'rainbow' like color maps are not very good representing data. Adding many different colors to a graph just makes it a perceptual mess. Taking visual perception in mind, a graph combining saturation and luminance variation could make a simple, very detailed representation of data.
summary on the topic:
Why Should Engineers and Scientists Be Worried About Color?

Last edited by daniel; 27th September 2010 at 07:32 AM.
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Old 27th September 2010, 07:40 AM   #7364
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Hadn't considered the LV Vox Olympian might be using a diffraction horn, but it seems plausible. Kind of nasty diffraction delay time, though ... the HF horn looks like it's maybe 12" or so long, which would give delayed pulses just a little less than 1 mSec apart. Not pretty, but then, no diffraction horn is, at least in the time domain. Not much attention is paid to diffraction on any of the horns, so I imagine there might be some tradeoffs in image quality.

As for the overall subjective goal for this long-running project, it is coming into view. Sonics in the general vicinity of the Altec Model 19, the JBL Everest series, and the 15" Dual-Concentric Tannoys. The crossover is not as complex as the modern JBL's, with their multiple notch filters, but higher efficiency (the JBL is 94 dB/metre). Low diffraction and clean time signatures remain a priority, as it was for the Ariel back in 1993. Rapid settling times are unusual for large-format drivers, so I'm curious how this aspect turns out.

Still strongly considering an Altec/GPA version with Alnico 416's (notch filter retuned for this driver) and Alnico 288's. There is a certain quality to Alnico-magnet drivers with underhung voice coils that I like. I've asked Alexander of RAAL what might be responsible, and he mentions the gaps of the classic Altecs operate quite close to saturation, and this changes the sonics.

My version may well have the resistive-vent cabinet looking like a scaled-up Fonken, or the full-scale Jensen. Gary's real-world results will guide what I do with my version. One thing I like about resistive-vent enclosures is they are relatively insensitive to dynamic Q variations, so the bass has a somewhat different quality than classical T/S closed or vented boxes.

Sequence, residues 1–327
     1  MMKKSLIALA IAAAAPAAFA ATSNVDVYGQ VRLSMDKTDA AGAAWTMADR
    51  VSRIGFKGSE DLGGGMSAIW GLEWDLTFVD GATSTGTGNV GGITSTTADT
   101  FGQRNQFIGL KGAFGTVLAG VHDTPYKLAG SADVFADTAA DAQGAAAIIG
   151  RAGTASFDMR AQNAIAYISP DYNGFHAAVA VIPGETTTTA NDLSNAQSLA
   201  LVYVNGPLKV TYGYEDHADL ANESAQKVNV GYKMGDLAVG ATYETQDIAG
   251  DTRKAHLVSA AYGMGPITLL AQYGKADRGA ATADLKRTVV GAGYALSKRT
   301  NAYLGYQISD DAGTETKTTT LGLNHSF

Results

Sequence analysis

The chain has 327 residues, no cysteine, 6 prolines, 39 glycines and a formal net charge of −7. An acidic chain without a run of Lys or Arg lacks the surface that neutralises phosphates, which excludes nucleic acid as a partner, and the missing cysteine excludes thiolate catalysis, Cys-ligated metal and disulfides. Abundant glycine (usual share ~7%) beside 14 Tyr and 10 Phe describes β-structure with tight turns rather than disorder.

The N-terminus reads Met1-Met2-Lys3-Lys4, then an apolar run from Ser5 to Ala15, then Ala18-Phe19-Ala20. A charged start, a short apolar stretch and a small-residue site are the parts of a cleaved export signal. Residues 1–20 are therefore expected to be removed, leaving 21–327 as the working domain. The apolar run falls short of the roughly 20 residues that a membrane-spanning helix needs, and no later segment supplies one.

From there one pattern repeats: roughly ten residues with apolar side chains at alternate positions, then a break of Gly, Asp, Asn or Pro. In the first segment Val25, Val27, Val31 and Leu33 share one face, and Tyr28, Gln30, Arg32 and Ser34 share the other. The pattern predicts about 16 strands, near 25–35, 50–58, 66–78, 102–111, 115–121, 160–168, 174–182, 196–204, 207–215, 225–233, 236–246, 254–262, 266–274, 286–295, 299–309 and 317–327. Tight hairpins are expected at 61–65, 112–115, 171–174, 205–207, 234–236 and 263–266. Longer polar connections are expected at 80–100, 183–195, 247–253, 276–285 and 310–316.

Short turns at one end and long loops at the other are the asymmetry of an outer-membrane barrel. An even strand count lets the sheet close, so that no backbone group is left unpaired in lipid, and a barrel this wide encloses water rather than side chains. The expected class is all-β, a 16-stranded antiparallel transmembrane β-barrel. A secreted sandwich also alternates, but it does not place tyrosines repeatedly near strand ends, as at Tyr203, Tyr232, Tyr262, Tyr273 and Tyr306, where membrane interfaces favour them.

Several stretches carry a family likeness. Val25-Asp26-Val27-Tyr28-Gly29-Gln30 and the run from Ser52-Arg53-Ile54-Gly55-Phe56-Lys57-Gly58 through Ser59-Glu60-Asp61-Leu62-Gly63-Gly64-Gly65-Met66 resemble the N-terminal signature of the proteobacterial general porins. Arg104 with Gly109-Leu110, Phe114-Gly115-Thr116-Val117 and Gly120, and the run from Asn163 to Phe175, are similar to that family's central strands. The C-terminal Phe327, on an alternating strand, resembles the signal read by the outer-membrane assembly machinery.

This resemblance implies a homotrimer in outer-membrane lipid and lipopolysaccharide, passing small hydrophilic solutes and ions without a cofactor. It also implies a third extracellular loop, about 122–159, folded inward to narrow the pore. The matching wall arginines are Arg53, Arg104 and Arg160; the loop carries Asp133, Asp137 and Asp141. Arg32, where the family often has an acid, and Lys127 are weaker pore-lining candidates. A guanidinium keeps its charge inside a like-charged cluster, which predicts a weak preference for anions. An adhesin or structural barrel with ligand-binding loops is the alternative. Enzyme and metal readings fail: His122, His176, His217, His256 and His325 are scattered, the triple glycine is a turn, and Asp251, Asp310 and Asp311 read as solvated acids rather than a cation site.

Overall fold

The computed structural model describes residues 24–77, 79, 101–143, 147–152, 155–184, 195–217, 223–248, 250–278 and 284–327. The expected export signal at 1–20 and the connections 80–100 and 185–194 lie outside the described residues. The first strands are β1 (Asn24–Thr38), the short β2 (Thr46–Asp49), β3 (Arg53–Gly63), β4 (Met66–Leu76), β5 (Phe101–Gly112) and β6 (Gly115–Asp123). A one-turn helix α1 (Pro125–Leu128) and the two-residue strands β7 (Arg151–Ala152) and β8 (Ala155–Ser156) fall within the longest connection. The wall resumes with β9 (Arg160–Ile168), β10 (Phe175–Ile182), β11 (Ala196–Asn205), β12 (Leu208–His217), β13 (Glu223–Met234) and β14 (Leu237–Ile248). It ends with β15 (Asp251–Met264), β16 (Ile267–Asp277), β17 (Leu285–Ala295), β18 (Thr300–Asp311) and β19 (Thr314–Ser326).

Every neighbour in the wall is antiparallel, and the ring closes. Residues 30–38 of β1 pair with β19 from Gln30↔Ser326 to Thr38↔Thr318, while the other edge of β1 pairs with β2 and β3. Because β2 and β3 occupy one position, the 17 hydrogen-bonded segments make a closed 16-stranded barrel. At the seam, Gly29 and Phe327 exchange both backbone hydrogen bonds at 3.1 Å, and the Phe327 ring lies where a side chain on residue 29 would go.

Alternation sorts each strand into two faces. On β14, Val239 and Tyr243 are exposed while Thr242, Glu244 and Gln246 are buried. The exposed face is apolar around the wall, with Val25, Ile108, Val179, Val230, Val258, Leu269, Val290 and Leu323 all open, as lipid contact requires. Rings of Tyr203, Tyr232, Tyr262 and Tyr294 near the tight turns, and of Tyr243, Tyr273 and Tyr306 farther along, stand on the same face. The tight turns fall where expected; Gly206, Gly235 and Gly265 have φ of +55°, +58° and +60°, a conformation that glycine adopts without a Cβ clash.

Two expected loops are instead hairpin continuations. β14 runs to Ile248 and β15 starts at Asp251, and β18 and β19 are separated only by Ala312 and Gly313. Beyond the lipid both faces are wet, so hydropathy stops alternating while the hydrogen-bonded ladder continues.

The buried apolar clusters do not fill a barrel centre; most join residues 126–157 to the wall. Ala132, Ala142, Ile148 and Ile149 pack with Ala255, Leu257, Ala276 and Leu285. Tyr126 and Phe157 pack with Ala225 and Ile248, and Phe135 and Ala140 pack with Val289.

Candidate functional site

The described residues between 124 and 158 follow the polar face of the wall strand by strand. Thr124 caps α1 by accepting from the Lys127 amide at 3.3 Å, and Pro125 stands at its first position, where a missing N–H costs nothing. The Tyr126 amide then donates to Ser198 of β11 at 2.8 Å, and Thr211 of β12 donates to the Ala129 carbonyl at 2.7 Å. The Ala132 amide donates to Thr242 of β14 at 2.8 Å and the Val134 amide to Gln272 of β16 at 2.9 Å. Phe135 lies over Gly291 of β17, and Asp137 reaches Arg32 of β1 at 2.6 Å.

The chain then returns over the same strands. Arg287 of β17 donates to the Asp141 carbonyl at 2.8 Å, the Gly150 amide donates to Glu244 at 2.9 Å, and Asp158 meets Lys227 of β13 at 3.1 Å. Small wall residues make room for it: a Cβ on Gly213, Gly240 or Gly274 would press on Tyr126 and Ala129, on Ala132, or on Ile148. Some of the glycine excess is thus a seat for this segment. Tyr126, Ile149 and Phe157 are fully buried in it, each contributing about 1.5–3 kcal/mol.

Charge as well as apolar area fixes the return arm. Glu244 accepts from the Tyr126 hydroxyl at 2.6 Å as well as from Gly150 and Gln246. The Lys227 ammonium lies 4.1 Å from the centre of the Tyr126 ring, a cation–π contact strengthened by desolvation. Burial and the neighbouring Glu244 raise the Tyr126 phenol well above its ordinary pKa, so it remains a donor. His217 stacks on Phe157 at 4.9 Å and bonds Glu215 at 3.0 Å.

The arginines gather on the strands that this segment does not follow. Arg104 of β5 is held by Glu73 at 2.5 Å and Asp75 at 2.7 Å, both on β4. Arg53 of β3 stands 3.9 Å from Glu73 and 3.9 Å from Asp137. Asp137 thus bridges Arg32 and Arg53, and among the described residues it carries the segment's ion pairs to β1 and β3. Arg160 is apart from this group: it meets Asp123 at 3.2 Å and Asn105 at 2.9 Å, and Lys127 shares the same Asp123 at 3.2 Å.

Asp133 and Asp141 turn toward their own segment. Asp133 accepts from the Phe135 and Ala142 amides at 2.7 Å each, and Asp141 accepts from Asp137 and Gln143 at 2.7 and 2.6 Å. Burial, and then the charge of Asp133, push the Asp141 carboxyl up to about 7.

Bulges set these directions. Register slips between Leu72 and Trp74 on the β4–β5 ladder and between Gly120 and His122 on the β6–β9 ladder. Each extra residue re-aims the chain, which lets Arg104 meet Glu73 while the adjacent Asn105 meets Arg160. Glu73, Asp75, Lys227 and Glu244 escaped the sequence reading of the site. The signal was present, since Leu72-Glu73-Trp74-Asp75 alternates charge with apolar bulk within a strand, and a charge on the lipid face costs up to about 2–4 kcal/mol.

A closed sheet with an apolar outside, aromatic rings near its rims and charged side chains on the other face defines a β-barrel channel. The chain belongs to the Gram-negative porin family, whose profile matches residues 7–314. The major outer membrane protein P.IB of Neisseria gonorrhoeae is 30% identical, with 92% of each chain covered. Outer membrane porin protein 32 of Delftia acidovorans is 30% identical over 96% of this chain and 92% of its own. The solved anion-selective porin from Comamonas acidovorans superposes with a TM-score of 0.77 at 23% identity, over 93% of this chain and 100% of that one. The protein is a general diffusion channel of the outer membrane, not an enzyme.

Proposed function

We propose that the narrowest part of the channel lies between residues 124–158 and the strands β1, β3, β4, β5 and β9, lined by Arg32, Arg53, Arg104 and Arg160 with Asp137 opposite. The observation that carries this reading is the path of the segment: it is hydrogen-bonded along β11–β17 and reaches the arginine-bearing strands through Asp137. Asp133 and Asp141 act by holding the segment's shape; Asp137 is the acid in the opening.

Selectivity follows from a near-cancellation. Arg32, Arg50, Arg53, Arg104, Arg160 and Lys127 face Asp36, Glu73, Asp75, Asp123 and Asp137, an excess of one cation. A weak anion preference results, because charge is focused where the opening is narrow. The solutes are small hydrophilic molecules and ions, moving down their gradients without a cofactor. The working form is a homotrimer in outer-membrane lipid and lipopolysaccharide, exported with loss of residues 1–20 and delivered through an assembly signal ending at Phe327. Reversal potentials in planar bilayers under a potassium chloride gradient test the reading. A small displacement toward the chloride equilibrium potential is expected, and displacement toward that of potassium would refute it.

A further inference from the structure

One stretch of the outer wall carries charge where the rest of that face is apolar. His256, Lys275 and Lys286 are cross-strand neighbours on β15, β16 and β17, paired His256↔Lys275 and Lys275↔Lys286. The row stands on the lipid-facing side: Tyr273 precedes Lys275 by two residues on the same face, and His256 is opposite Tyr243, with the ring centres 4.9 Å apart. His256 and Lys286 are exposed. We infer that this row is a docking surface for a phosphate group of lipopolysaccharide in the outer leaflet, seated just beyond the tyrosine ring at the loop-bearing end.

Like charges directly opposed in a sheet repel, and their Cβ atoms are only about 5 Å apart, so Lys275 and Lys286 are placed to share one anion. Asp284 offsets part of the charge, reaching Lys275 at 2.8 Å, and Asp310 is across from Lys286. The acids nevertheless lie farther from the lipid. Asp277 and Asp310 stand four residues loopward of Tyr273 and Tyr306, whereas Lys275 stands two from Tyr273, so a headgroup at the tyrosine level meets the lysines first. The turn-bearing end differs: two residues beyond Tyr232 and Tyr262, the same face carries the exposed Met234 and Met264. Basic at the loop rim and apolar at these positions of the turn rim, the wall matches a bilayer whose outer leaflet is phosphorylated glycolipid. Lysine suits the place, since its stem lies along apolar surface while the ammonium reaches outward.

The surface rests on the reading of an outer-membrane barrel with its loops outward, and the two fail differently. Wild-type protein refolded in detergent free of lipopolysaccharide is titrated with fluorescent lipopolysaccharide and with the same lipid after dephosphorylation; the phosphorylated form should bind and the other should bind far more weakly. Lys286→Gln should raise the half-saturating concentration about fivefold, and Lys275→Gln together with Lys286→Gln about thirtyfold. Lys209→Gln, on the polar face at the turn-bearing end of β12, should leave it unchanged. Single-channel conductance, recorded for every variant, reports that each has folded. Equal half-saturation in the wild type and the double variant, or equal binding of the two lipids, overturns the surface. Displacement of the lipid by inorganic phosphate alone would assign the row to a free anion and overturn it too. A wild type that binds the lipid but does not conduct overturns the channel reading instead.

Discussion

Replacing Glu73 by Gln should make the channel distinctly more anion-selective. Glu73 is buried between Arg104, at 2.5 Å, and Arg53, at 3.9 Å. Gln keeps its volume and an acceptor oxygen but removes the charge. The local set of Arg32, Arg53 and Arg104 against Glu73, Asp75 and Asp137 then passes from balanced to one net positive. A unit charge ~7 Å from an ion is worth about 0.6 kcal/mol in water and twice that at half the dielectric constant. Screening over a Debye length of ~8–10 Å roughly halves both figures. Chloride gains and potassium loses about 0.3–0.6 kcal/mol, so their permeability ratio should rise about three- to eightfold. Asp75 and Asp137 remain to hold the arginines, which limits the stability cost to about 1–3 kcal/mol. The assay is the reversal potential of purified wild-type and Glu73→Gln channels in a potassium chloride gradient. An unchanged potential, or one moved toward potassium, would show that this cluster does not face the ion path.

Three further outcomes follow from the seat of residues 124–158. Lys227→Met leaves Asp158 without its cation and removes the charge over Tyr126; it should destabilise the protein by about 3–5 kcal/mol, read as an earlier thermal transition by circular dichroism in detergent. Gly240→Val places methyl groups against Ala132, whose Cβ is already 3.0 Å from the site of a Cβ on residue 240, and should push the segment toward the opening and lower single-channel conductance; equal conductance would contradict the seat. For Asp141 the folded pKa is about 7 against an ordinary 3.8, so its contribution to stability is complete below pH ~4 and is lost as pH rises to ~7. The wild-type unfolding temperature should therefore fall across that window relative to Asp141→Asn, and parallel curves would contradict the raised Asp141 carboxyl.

Last edited by Lynn Olson; 27th September 2010 at 07:55 AM.
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Old 27th September 2010, 08:20 AM   #7365
JohnPM is offline JohnPM  United Kingdom
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Originally Posted by gedlee View Post
OK, then it should be easy since I am only asking for one solution!

Let's say we start with yellow at the top, which is 255 red and 255 green in RGB. Should I assume that it should end in red?, no probably blue by what you say above. My point to Pano would simply be that it is no simple matter to come up with a color algorithm that would produce a continuos array of colors such that the luminance would be a continuos slope. In fact, it may not even be poossible.

What about yellow -> green -> blue -> purple -> Red ? What you want is a scheme like "Jet" which only varies one color at a time, then another one and so on. Otherwise its a complex mess.
The perceptual research, some of which is referenced in the old IBM paper linked in Daniel's post, is that changing hue does not work well for expressing amplitude variations. A hue change is a good indicator for data that has a clear threshold (for example, indicating sea level in cartographic elevation model data) but otherwise it is better to vary the luminance and saturation. Key is to ensure that the luminance variation for the hue(s) chosen are monotonic as that has been found to give the best results. That is not trivial, but is certainly possible and is used. Blue makes the smallest contribution to luminance, its variation has the lowest perceptibility, so hues made from red and green are better. There has been a lot of research into this for visualisation of medical and seismic data, googling will turn up various papers on it.
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Old 27th September 2010, 01:43 PM   #7366
gedlee is online now gedlee  United States